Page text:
Gifts pooled together
A pooled income fund functions like a mutual fund. When you make a gift to our pooled income fund, your gift is combined with the gifts of all other donors to the fund. The pooled income fund invests all of its assets in a common fund. The fund assigns units to each donor that reflect his or her share of the fund's total assets.
Payments based on fund income
Each year, the pooled income fund distributes all of its net income to its participants. The amount of income you receive is proportional to your share of the fund. For example, if you have a 1/10th share of the fund and the fund earns $1,000 of net income the fund will pay you $100. The fund makes payments quarterly and continue for the life of each participant.
The pooled income fund is typically invested for total return. The fund investments produce income but the fund is also invested so that the principal appreciates. As the value of the fund investment portfolio grows, that leads to gradually increasing levels of income. If the value of the fund’s principal increases over time, your payments generally will increase. If the fund investments decrease over time, your payments generally will decrease.
Remaining assets to Brown University
When your pooled income fund gift ends, the value of your share of the fund will be removed from the fund and become available to support Brown.
Who can receive payments?
You decide who will get the payments from your pooled income fund gift. Usually, this will be you, or you and your spouse. You can, however, select other people to receive the payments. For example, you may wish to provide income for parents, a sibling, or a faithful employee.
How long do payments last?
Payments last for the lifetime of each payment recipient.
A pooled income fund gift is an irrevocable arrangement. Once you make a gift to our pooled income fund, you cannot change your mind and get the assets back. This requirement assures that the portion of the fund’s value attributable to your gift will go to support Brown when your arrangement ends.
- Earn an immediate income tax charitable deduction that will save income taxes if you itemize deductions.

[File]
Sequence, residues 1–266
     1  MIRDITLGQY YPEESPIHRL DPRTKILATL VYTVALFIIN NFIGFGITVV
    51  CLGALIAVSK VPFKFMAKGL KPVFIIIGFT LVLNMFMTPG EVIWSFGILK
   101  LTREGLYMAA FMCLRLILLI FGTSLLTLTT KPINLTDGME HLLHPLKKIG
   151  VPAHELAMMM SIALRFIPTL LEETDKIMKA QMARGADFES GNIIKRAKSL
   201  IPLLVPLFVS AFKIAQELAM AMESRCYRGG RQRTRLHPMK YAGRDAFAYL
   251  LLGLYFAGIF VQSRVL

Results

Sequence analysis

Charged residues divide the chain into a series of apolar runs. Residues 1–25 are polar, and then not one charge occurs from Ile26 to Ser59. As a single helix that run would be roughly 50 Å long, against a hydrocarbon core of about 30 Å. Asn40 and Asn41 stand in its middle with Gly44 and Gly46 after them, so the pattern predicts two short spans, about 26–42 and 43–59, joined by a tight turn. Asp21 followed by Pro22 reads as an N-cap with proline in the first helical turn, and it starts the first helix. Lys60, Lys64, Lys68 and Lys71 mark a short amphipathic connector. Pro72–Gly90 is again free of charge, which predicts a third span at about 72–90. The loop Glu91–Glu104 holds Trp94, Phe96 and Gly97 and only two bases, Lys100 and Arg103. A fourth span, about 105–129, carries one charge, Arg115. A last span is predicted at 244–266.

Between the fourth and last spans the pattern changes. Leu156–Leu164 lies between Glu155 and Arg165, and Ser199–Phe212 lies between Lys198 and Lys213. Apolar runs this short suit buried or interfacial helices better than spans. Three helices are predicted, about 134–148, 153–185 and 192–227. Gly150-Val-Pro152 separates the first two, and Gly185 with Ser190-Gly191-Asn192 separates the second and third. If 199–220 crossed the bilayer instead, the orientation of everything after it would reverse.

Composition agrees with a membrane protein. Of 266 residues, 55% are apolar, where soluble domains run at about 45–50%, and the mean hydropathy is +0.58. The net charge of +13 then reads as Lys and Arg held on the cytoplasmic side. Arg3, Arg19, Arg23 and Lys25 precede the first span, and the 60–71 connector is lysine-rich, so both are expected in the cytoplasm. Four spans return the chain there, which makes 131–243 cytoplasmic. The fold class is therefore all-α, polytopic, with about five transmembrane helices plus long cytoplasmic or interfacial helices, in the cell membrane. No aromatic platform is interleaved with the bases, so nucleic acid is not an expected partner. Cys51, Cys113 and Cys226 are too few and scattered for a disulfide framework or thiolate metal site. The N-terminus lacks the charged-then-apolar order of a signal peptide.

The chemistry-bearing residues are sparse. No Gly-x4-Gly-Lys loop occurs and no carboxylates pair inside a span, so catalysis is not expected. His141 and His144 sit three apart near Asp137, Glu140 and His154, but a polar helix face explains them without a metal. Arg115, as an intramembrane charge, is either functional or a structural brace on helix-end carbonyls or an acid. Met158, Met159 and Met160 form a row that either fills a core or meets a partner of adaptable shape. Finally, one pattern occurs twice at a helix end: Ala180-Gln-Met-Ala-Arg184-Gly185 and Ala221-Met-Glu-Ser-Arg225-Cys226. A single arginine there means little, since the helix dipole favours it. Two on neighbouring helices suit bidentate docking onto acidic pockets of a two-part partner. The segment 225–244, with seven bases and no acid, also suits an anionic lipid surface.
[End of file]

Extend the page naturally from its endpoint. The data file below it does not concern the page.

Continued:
- Avoid capital gains tax.
- May reduce estate taxes if your estate exceeds the then applicable estate tax credit.
- You may reduce and probate costs.
You will receive tax savings from an income tax charitable deduction if you itemize your deductions in the year of your gift. If you cannot use the entire deduction that year, you may carry forward your unused deduction for up to five additional years.
If you give appreciated securities to make your pooled income fund gift, you will not pay any capital gains tax when you make your gift. In addition, the fund will not pay any capital gains tax when it sells these assets. This means that the fund will be able to reinvest the full value of the assets you donate. By removing the gift assets from your estate, you may also reduce estate taxes if your estate exceeds the then applicable estate tax credit. You may also reduce probate costs when your estate is settled.
Taxation of payments
The income you receive from our pooled income fund is fully taxable as ordinary income, just like interest income from a savings account.
Add funds anytime
You can add to our pooled income fund anytime. Additions earn an additional income tax charitable deduction that can save you income taxes if you itemize. You will also increase your future payments from the fund.
Assets to consider giving
The following assets make excellent sources for making a gift to our pooled income fund:
- Cash that you currently have in a savings account, bank CD, money-market fund, or other safe but low-yielding investment.
- Securities, especially highly appreciated securities. (You may not contribute tax-exempt securities to a pooled income fund.)
Walter and Janice Kaminsky are in their early 80s. They have been modest but faithful supporters of Brown University, having given $5,000 each year for many years. They would like to make a larger commitment, but are concerned about maintaining their income.
The Kaminsky's own a $25,000 CD that will mature in a few weeks. They are pleased to discover that they can donate the $25,000 to our pooled income fund and continue to receive about the same amount of income from the pooled income fund as their CD was earning. Moreover, if the pooled fund investment portfolio increases in value, their income could increase in the future.
In addition to receiving income for life, the Kaminskys will:
- Receive an immediate income tax charitable deduction of $16,177 for the value of their gift. Kaminsky will enjoy income tax savings if they itemize their deductions.
- Make a generous legacy gift to Brown.